Anita Disney
Assistant Professor of Neurobiology

There are two broad branches of research in the Disney lab:

The primary goal of our Basic Research is to determine the role(s) that neuromodulators such as acetylcholine, noradrenaline, serotonin, and oxytocin play in specifying functional connectivity across the wired circuitry of the brain, and how this dynamic circuit specification supports flexible behavior in the healthy brain.

The core goal of our Disease-Focused Research is understanding the neurochemical changes that occur in the pre-clinical phase (i.e 20-30 years before symptom onset and diagnosis) of late-onset Alzheimer's Disease. Late onset AD accounts for >95% of the disease burden and is not genetically determined, which means it is not well-modeled by the transgenic mice commonly used in AD research and is less well-understood than familial AD.

We are a question-driven lab, and so the techniques we employ are diverse. Where the technique we need in order to answer our question doesn't exist, we work to develop it.

Our current tools include a novel biosensor that combines classical electrophysiological recording capabilities with the ability to measure the local chemical environment at high spatial and temporal resolution; we also combine electrophysiological recording with pharmacological manipulation to examine causal relationships between neuromodulation, neuronal activity and behavioral performance. Our current analysis methods include the tools of analytic chemistry, including mass spectrometry-based proteomics and metabolomics. Because we believe that structure constrains function, we anchor all of our research in a solid understanding of cortical anatomy. Where these data don't exist, we generate them which means we also study the anatomy of neuromodulatory systems in cortex from a comparative perspective at both the light and electron microscopic levels.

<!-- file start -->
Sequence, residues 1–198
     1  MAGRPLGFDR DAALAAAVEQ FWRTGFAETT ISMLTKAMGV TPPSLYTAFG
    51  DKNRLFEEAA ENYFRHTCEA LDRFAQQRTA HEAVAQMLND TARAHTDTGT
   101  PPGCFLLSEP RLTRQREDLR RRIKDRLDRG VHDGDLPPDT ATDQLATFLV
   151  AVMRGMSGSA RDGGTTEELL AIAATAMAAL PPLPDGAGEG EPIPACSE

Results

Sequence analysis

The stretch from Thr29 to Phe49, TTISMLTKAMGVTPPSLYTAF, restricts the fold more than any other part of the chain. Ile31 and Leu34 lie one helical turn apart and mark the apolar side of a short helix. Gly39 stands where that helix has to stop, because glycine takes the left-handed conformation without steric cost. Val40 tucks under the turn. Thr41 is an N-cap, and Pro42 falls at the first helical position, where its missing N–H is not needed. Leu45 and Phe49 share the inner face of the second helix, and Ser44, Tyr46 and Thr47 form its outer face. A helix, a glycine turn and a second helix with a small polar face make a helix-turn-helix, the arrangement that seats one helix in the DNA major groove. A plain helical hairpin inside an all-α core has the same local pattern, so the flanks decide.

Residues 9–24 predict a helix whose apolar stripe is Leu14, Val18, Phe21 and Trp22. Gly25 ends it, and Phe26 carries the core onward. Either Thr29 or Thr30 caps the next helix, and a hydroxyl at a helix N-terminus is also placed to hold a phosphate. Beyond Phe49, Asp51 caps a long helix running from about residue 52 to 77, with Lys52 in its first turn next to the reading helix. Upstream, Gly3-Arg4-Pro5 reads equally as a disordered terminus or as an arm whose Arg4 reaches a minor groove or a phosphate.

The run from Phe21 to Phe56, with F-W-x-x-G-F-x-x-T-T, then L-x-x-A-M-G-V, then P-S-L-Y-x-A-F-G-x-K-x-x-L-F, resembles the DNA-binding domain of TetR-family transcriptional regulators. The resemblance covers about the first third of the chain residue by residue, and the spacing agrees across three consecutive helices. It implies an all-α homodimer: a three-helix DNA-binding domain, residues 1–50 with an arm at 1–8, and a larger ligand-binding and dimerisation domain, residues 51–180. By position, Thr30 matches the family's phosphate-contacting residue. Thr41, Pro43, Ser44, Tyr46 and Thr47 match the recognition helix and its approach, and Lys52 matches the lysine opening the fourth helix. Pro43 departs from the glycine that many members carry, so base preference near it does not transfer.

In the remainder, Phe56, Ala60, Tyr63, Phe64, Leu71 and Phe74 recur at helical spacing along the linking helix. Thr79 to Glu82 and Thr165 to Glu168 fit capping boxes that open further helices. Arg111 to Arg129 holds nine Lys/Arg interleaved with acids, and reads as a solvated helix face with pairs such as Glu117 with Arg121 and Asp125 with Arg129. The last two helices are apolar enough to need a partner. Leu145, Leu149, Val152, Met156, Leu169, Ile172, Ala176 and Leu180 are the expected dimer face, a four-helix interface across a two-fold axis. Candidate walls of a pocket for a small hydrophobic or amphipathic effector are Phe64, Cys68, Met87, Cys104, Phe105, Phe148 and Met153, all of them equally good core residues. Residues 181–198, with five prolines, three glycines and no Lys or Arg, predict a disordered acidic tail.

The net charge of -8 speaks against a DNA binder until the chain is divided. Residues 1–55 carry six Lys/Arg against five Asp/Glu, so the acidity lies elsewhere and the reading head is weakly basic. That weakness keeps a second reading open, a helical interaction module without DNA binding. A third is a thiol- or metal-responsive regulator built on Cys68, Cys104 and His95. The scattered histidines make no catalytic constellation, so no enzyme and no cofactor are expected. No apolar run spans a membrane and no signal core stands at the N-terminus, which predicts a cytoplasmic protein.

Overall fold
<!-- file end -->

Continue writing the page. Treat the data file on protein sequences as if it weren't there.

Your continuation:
Current Appointments & Affiliations

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